Major metropolitan areas like New York, Boston and DC, have all seen about 3.9 percent decline in transit usage. The Washington Metropolitan Area Transit Authority (WMATA) has also seen a 10 percent decline in bus usage, even more troubling (see associated article in this edition) because bus service is often the only means of transportation for underserved communities and populations.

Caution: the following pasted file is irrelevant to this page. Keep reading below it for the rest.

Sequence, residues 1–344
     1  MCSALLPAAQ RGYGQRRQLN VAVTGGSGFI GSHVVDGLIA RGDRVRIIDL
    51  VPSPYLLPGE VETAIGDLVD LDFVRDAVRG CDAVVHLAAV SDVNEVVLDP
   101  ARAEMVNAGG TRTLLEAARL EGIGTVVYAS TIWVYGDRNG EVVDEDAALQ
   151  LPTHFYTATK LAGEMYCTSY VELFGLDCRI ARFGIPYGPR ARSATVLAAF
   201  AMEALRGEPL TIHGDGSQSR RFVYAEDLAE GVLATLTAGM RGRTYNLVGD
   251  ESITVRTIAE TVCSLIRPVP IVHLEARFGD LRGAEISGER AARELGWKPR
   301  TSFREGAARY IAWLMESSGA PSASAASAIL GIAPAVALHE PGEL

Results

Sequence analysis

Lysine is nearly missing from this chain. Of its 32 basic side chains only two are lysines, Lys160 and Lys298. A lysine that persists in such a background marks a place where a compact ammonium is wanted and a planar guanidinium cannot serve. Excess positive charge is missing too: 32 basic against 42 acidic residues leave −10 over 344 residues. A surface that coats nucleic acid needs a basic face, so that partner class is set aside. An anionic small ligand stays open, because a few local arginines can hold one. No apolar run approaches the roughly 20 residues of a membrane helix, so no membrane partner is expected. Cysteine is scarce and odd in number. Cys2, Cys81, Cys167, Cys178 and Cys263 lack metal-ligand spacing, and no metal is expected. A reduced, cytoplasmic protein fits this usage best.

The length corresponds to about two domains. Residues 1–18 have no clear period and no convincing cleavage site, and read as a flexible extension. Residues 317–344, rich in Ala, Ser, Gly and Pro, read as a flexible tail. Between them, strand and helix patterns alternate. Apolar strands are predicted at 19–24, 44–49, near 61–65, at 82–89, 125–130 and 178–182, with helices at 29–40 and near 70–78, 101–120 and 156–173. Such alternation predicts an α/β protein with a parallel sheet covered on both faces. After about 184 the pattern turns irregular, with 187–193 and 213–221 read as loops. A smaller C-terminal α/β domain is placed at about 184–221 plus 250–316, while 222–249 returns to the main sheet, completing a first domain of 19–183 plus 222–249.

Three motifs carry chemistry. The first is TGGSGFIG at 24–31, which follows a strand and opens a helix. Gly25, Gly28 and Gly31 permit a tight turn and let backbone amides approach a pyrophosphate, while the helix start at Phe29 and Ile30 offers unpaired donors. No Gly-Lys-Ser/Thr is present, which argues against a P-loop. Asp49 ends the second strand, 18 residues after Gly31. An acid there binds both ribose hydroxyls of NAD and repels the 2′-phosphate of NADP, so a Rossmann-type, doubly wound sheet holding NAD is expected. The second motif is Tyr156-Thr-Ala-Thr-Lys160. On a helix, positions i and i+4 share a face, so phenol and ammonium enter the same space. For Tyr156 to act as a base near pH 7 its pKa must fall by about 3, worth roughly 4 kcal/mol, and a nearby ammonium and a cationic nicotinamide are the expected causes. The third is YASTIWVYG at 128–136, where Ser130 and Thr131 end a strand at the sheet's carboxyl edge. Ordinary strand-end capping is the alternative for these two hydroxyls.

The percentage of workers who work from home is probably underestimated due to the fact that the Census numbers under-count those who are self-employed, most of which whom work from home.  Moreover, in the DC area, teleworking has been encouraged by most federal agencies, therefore this region probably has a higher percentage of teleworkers than most metro regions.  The good news, as expressed in the chart below, teleworking is on the rise.  As we all know, we can’t build our way out of our regional congestion, but telework offers another very useful tool to combat lost economic opportunity due to traffic congestion.